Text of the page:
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A story about Password: The Wrong Formula

In this article I will first talk about some misconceptions regarding what is considered a secure password and then about how you can leverage different technologies to help protect your different credentials.

In the past few years there has been a sharp increase in websites being hacked and their users’ passwords/hashes stolen, in parallel we are using online services for almost everything: to pay for your local pizzeria delivery or your electricity bill, access your bank account, connect to your work email, etc.

The common advice is to use different passwords for each site you register to, but most people don’t. It means that hackers can often reuse credentials they obtained on one website to access another.

One way to counter that risk would be to use some kind of formula so you remember a different password for each site you have registered to. This *could* be the best solution, as remembering a password formula means you do not have to write it down. However, the question is how secure your formula really is? How easily could it be reverse engineered? It may not be possible for an attacker to do it with knowing only one password, but what about 2? or 3? or more? would a pattern start to emerge?

Let’s take an example of a simple password formula, by taking the first letters of an easy to remember sentence tailored to a given site, in this example:

I Love My dog And I Like Google since 1997

The password would be: ILMdAILGs1997

At first, this looks pretty good… especially if you start adding punctuations and special characters.

But if you use the same formula somewhere else, this time for, the password would just have one different letter: ILMdAILYs1997

Even if you were to make your password “expire” by changing the last number on a regular basis, I.e. each January, a pattern would still to be easily identifiable if an attacker gets hold of several of your passwords…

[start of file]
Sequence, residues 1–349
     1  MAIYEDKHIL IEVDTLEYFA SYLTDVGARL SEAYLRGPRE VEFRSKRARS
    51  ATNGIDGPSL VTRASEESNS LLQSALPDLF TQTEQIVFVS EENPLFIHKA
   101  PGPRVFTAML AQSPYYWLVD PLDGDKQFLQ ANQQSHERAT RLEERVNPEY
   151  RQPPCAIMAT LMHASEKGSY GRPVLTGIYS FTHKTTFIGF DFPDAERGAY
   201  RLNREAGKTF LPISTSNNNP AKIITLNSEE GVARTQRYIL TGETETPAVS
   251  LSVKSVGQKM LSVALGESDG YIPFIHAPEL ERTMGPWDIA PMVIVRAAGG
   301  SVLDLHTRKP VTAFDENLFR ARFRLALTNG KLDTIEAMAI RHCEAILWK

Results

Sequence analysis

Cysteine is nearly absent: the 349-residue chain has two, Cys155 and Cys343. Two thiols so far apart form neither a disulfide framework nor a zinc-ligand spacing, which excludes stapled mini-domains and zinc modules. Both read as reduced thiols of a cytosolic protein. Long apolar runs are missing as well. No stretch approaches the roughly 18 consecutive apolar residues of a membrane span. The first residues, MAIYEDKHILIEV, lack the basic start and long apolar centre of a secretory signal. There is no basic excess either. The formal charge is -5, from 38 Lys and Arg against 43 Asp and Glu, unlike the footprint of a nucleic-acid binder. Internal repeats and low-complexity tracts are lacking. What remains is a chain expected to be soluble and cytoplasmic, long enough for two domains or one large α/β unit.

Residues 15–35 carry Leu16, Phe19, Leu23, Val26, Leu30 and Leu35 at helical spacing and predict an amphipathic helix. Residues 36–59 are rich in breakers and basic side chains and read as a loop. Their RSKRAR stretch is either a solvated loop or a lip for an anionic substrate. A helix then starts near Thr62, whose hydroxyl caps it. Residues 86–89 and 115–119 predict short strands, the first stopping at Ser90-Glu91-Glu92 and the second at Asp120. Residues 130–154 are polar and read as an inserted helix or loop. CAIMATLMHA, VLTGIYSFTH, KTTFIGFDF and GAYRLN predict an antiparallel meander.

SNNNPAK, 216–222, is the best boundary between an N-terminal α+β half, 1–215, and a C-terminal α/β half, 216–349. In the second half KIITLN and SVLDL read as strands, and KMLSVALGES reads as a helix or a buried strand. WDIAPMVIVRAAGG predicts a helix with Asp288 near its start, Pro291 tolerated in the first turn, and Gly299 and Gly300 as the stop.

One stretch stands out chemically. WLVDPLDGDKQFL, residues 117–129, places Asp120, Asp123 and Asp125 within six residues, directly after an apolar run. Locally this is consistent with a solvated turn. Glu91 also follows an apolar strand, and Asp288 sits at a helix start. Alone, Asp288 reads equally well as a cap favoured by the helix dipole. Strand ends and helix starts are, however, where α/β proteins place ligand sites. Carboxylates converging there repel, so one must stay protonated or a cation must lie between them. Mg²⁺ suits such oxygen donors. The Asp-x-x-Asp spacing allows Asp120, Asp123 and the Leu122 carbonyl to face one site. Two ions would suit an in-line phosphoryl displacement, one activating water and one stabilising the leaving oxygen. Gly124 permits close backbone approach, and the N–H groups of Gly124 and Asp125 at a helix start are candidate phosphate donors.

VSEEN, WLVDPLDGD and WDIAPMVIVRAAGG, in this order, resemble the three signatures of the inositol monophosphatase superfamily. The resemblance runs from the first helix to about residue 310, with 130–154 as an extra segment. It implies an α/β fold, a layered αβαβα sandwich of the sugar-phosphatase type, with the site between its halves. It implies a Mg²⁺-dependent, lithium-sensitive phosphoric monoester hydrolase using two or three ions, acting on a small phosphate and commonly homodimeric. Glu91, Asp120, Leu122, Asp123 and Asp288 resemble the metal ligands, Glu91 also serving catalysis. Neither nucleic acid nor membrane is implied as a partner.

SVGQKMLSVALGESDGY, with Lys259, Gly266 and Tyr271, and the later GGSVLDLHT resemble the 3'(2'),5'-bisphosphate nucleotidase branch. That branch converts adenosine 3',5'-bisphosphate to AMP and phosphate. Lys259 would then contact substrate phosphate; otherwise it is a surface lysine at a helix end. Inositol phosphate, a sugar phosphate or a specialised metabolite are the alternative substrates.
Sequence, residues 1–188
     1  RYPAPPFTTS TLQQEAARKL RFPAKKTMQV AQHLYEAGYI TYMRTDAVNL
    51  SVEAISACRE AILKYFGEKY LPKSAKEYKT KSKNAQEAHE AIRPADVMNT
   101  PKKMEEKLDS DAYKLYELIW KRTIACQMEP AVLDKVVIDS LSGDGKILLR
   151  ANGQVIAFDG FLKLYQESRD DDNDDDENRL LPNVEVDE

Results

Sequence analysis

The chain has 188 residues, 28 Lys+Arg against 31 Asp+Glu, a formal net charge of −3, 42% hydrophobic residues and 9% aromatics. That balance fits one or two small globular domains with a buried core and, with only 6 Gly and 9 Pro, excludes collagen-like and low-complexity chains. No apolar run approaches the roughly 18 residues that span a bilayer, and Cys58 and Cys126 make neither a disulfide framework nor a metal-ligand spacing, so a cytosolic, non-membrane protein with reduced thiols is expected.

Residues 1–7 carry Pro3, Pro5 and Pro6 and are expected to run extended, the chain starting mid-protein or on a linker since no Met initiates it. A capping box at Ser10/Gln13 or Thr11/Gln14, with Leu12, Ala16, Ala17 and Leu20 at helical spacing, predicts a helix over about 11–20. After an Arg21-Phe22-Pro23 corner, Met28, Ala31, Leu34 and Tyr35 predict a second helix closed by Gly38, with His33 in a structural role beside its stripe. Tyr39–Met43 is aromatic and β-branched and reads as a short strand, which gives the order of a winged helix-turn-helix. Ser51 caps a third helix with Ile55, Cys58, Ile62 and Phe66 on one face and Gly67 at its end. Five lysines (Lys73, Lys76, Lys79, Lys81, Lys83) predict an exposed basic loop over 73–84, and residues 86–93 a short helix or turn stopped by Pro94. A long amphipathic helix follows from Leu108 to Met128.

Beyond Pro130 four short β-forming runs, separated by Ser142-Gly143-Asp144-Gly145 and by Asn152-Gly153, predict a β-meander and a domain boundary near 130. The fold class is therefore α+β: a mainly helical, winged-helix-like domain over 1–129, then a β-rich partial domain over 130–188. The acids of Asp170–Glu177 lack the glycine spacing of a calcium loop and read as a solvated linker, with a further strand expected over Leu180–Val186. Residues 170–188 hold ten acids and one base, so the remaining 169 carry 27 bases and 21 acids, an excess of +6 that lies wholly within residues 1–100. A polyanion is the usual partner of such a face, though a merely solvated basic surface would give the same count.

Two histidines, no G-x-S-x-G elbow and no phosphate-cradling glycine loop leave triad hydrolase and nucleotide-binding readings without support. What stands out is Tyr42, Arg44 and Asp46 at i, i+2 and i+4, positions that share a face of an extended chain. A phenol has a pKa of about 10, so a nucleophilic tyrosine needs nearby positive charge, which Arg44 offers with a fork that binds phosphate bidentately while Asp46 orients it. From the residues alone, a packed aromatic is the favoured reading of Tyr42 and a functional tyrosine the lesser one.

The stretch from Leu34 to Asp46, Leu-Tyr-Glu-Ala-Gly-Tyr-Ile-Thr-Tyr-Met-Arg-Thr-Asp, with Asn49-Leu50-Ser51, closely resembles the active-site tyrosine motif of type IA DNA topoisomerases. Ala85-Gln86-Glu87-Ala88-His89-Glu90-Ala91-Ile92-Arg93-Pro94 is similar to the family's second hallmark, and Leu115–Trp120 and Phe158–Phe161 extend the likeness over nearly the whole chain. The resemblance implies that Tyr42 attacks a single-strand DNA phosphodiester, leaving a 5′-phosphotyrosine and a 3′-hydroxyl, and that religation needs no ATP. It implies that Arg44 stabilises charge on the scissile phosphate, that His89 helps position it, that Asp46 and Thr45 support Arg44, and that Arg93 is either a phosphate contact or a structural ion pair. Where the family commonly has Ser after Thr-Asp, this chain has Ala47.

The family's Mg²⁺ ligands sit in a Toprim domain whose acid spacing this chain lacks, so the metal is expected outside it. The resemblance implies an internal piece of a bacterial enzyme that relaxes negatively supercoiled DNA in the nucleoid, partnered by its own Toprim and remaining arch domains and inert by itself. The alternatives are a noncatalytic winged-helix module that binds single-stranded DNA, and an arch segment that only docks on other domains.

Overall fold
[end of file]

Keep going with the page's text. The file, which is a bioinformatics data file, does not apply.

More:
Of course, this means someone would need to get your credentials from different sources, Google and Yahoo in this example. But the point is that with the increasing number of websites we subscribe to, we are also increasing the chances that our credentials get stolen and patterns get discovered.

Passwords need to be unique to each system they are used on and they need to be as random as possible.

Not writing your password down but remembering it feels like the most secure solution. Until you look a bit deeper at how all your different passwords are constructed and realise they are not truly random and unique…

The best way to use unique, random and strong passwords is to save them into a password safe, a software that acts as a safe for sensitive information by storing it into an encrypted database. All your passwords are then protected by a master key/password.

Password safes are not new, in fact one of the most popular has been around since 2002.

But what is new is how you can achieve the following requirements, so you do not compromise on usability:

– Passwords need to be accessible from all your devices;

– Passwords need to be backed up securely;

– Passwords need to be easy to reset.

This is where Cloud storage can help you.

You can use PasswordSafe from Sourceforge to create an encrypted list of strong passwords and store that list onto a cloud storage service such as Dropbox. Then synchronize that Dropbox folder/file on all your different devices.

Because PasswordSafe and Dropbox can be used on most operating systems and platforms, including mobile devices, you will be able to access your passwords from anywhere. More importantly, you will also be able to synchronise any changes from anywhere, securely.

You do rely however on how secure the implementation of Password Safe is on the different medium you install it and if someone installs a key logger on your computer then you could lose access to all your passwords!

The only password you need to remember is the master password to your safe which should not be reused anywhere else.

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